by Michael Cox

EDGE Media Network Contributor

Saturday July 11, 2015

Ryan Reynolds stars in 'Self/less'
Ryan Reynolds stars in 'Self/less'  (Source:Focus Features)

Stealing life from others to prolong your own -- it's a premise with so many possibilities. But the science fiction thriller "Self/less" is more interested in being a summer blockbuster than it is in being something brilliant.

Ryan Reynolds leads a smart and interesting cast of actors, like Ben Kingsley, Matthew Goode, and Michelle Dockery, but the material doesn't allow them to do much with their parts.

Billionaire industrialist Damian Hale (Ben Kingsley) is financially set -- he literally has a gold plated penthouse. But all of the money in the world means little when his daughter Claire (Michelle Dockery of "Downton Abbey") won't talk to him and he is quickly dying of terminal cancer.

A mysterious business card tells him to look into a process called "shedding," and he does as the card commands. He meets the strangely villainous Professor Albright (Matthew Goode of "The Good Wife"), who tells him that there's a perfectly safe procedure that will allow him to transfer his mind into a genetically harvested body -- it's beautiful, it's new and it was grown in a lab in the USA.

Of course, there's a catch: For some mysterious reason, he has to pretend that he is dead and he can't have contact with anyone from his old life. He must adopt a new identity, that of "Edward," in New Orleans.

Damian's consciousness is transferred into a strikingly handsome and healthy bundle of organs (Ryan Reynolds), which he makes the best use of, as a bevy of babes line up to bounce on his bed. The operation is deemed a success.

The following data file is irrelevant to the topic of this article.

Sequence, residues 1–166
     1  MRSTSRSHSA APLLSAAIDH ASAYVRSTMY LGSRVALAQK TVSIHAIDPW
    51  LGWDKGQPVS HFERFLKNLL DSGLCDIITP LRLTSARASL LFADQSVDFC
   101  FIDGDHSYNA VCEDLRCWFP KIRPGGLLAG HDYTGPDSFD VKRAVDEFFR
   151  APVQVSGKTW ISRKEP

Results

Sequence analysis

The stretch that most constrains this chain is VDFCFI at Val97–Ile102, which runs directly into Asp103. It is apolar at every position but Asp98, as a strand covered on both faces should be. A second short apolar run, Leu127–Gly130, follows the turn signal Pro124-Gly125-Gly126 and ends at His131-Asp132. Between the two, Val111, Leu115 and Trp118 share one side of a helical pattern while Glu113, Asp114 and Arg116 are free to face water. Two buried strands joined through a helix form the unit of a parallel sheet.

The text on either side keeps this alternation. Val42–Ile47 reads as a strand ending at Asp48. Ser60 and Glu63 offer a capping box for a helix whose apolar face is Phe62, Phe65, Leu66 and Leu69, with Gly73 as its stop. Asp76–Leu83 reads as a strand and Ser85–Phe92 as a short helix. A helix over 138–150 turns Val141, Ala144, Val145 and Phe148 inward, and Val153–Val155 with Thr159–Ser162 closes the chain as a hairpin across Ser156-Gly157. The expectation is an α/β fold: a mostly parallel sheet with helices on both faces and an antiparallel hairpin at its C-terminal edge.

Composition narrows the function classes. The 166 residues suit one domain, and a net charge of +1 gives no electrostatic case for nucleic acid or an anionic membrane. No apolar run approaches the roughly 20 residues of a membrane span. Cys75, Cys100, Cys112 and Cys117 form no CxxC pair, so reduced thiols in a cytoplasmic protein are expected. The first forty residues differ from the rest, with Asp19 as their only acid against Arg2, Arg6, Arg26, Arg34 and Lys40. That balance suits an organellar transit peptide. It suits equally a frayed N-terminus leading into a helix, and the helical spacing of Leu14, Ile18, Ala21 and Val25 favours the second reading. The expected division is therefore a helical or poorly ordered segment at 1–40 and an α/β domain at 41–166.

Nevertheless, this new body comes with a few quirks that "Edward" will need to break in. The worst of these is a series of hallucinations of a former life. (I don't want to give away any spoilers -- but all the spoilers here are as obvious as Albright's impression of a cross between Mephistopheles and Mr. Burns.)

If you hope to see some interesting performances (because after all, we know these actors are capable of them), throw a bucket of cold water on yourself. Dockery has a throwaway part, and every interesting nuance of Kingsley's character vanishes when he becomes Reynolds. (Apparently, when you get a new body you get a fresh, new "California boy" accent with it.)

That's not to say Reynolds is awful. He shines in his comic scenes and in his warm family moments. He's also not bad in his ass-kicking fight sequences. (Expertise in hand-to-hand combat is something that comes free with a hot new body as well.)

When Oscar Wilde told this tale as "The Picture of Dorian Grey," it became a literary classic. But director by Tarsem Singh and writers by David and ņlex Pastor are more interested in shoehorning this futuristic "Faust" into a formula for a box office success. This movie goes exactly where you expect it to every step of the way. Damian/Edward is betrayed by everyone we know will betray him, he gets himself into a death-defying car chase, he rids the world of a villain with a spectacular killing and he brings about a happy ending.

If you're looking to turn your brain off, you've come to the right place. If you want to contemplate the moral complexities of scientific breakthroughs, go somewhere else. The science here is on par with the science in "Young Frankenstein," but that film has more depth.


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